ASBS Newsletter – Book Review
George Bentham Autobiography 1800-1834
Edited by Marion Filipiuk
(From ASBS Newsletter Number 95, June 1998)
Publisher: University of Toronto Press, Canada, 1997.
Buy (or at least read) this absorbing book for background on one of our 'favourite sons' and the times he lived in, not for anything on Australian botany. It takes us through Bentham's early years, up to Tuesday 11 November 1834 and hence ends long before he became particularly involved in our flora.
An extensive Introduction by Marion Filipiuk describes the Bentham family (his uncle Jeremy was a prominent philosopher and his father Samuel an important naval administrator, engineer and inventor), summarises his life to 1834, and explains how the text was edited. The notes are a model of how such a work should be annotated, with explanations and full references for works cited. The autobiography itself occupies 437 pages. Following it are 74 pages of notes on the text, and four appendices in 83 pages - of textual emmendations, textual variants, an index of plant names, and an index of persons and works. The only Australian plants mentioned are Acacia (3 spp.), Banksia, Doryanthes excelsa, Drosera, Goodenia and some 'Metrosideros', all in reference to plants seen in glasshouses or herbaria.
Bentham began the autobiography in 1867, largely for the benefit of his wife Sarah, and later (after her death in 1881) for his own pleasure in recalling his early life, as well as for the benefit of those who would come after him. It consists of his recollections, liberally interspersed with quotes from his diary and from letters. From 1805 to 1807 his family lived in Russia where he learnt Russian, French and Latin and 'German from a Finnish nurse', leading to a strong interest in languages (he later picked up some Swedish, Spanish and Hebrew). From 1814 to 1826 they lived in France, and during a visit to Britain in 1823 he felt a foreigner, so 'French' had he become.
We learn how he became interested in botany in the spring of 1817 while the family was staying near Angouleme, in southern France. After idly picking up a copy of de Candolle's Flore Francaise, bought by his mother, he was 'struck by the analytical tables for the determination of plants, which fell in with the methodical and tabulating ideas I had derived from the study of some of my uncle's works and from what I had attempted in geography and statistics. I immediately went out into the backyard, picked up the first weed I met with and set about finding, out its name. It was the Salvia pratensis not the easiest for a beginner - on account of the abnormal structure of the stamens - and I had not the slightest idea of what was meant by a calyx, a corolla or any of the most common botanical terms.' On 22 August 1818, at Montauban, 'I first began to dry specimens for preservation . . . , carelessly perhaps at first, but before the season was over, I had collected between one and two hundred species.' He subsequently built up his herbarium through collecting, exchange and donation. There is a detailed account of his long botanical excursion with George Arnott through the Pyrenees in the summer of 1825 that led to his first botanical publication.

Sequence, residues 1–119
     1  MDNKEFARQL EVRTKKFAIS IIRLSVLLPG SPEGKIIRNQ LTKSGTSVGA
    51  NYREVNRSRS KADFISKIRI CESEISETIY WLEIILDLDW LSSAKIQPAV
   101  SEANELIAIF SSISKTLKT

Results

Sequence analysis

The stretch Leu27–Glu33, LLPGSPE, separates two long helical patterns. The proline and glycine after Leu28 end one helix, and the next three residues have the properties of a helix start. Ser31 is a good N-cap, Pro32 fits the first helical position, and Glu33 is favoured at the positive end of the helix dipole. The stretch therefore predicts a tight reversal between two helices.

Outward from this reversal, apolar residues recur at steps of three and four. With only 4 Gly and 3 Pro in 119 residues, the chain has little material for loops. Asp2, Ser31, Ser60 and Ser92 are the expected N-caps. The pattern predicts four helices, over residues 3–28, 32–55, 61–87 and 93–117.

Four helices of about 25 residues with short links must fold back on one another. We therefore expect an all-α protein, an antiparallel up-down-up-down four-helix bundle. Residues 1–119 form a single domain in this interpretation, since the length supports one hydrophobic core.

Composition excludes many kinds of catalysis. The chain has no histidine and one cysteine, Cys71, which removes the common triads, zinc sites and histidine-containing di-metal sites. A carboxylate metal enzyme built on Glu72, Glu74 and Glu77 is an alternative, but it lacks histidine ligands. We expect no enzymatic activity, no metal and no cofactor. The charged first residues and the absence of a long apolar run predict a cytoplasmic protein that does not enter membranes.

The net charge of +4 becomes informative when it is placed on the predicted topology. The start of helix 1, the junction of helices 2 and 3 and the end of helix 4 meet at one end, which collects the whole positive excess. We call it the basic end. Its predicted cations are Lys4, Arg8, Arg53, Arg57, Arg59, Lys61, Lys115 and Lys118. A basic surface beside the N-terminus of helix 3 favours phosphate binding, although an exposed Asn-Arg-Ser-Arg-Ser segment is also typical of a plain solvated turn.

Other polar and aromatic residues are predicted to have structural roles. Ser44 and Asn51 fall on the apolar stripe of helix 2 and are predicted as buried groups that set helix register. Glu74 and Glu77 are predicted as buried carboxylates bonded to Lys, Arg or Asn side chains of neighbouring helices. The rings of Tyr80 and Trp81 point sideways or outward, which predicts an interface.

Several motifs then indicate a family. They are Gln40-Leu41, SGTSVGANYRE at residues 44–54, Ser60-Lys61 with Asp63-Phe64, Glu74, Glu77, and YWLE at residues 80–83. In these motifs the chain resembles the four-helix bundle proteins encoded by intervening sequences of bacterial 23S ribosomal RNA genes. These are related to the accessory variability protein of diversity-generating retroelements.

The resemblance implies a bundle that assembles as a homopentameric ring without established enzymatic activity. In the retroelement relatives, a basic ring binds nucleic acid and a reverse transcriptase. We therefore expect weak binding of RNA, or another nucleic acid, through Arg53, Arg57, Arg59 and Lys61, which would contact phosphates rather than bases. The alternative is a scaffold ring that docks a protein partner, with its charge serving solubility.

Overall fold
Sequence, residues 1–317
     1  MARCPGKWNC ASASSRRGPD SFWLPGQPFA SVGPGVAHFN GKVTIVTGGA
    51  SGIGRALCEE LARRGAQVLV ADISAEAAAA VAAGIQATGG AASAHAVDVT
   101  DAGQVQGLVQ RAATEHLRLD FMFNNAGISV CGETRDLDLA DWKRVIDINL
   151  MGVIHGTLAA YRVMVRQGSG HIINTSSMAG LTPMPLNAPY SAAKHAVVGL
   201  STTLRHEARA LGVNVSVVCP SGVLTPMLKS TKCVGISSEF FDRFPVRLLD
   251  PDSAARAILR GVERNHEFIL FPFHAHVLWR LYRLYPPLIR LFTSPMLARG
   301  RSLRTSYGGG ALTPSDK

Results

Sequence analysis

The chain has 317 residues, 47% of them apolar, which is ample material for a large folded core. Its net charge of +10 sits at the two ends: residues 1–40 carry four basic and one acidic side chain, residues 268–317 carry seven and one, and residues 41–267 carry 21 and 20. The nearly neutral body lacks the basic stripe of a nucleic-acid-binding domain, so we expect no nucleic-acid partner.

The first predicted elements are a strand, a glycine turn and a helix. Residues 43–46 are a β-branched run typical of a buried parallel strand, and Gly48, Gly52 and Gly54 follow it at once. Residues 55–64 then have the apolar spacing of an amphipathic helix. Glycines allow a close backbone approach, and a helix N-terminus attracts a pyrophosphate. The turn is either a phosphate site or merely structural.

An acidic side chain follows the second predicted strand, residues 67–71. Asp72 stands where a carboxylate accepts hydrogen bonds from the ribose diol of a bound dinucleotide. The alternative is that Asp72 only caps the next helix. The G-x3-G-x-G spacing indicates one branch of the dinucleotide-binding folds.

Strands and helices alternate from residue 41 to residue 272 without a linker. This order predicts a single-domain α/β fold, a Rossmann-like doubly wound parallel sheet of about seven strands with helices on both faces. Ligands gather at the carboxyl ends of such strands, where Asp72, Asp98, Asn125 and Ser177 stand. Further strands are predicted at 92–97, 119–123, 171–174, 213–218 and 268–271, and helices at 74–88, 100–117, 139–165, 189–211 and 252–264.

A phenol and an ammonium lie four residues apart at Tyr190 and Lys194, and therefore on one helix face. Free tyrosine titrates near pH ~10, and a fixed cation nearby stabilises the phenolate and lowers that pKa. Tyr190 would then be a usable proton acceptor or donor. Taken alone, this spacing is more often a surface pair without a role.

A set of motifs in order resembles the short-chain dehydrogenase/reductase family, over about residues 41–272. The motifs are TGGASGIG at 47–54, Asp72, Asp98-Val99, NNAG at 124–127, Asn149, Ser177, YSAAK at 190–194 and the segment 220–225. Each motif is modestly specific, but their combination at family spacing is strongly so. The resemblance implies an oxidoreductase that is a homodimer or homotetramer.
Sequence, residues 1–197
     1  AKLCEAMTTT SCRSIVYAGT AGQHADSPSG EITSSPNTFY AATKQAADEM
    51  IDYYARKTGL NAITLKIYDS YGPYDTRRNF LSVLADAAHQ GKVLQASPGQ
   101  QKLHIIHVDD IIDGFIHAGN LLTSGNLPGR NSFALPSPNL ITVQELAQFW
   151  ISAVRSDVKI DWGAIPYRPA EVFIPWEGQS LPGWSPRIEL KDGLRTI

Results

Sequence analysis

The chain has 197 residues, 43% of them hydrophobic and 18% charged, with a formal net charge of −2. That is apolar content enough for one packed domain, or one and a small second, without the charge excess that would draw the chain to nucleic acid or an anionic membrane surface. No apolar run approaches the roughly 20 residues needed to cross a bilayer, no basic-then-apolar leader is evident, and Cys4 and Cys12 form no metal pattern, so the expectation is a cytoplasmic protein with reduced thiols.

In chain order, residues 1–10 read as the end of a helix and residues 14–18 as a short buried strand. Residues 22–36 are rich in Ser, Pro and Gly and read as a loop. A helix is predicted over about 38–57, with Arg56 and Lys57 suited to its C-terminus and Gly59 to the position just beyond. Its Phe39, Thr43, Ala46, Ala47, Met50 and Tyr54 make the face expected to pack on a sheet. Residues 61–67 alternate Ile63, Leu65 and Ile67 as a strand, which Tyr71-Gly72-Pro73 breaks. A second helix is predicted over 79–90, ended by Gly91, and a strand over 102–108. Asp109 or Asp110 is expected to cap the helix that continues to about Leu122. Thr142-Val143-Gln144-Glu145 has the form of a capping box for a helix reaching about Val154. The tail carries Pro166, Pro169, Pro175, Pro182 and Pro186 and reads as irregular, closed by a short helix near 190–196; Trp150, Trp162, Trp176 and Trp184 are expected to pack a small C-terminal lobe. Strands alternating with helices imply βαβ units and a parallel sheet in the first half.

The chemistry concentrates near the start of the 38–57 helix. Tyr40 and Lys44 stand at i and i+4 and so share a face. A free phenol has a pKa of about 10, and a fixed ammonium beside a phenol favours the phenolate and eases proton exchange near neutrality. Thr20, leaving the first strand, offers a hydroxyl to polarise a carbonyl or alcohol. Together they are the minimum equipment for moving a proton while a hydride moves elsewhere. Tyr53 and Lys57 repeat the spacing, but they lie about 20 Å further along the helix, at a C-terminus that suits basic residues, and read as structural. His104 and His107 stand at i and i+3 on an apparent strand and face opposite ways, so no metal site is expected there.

Travel seems to have held quite some interest, for he describes his journeys in detail - the kind of transport, the countryside traversed, the time taken, stops for meals, the hotels etc. At every opportunity he visited botanists and botanic gardens.
A fascinating aspect is his mention of meeting many of the 'big' names of the day - the de Candolles, Brown, Lindley, William Hooker, Agardh, Kunth, Meisner etc. - often with observations on them and botany. Also absorbing are his accounts of a meeting of German naturalists in Hambwgh in 1830 and the Vienna Congress of 1832. Then, as now, the 'extra-curricular' discussions were commonly more beneficial than the lectures. I was struck by the fact that many herbaria were private (like Bentham's own at that period).
Although of a somewhat retiring nature, Bentham enjoyed his social life, which included visits to friends, dancing, the theatre and opera. Even during overnight stops on his travels he would go to a dance or performance. He clearly had an eye for the ladies, and was engaged once and almost a second time before marrying in 1833. From our viewpoint he appears somewhat arrogant, referring on a number of occasions to the 'lower classes'.
His account of the struggle between his interest in law and botany reads almost like a novel, ending when, after his marriage, he decided that his means were sufficient to enable him to devote himelf to botany, 'a determination which I never, during the long period of my subsequent career, had on any occasion any reason to repent of.'
He was no conservationist, regarding man-made 'improvements' favourably. In Britain, for example, he considered Norbury Park near Wimbledon 'as particularly beautiful, in the manner in which the planters have profited of the hills and valleys and other accidents of nature, which are all improved by art.'
In summary, a very readable book.
Reviewer: Alex George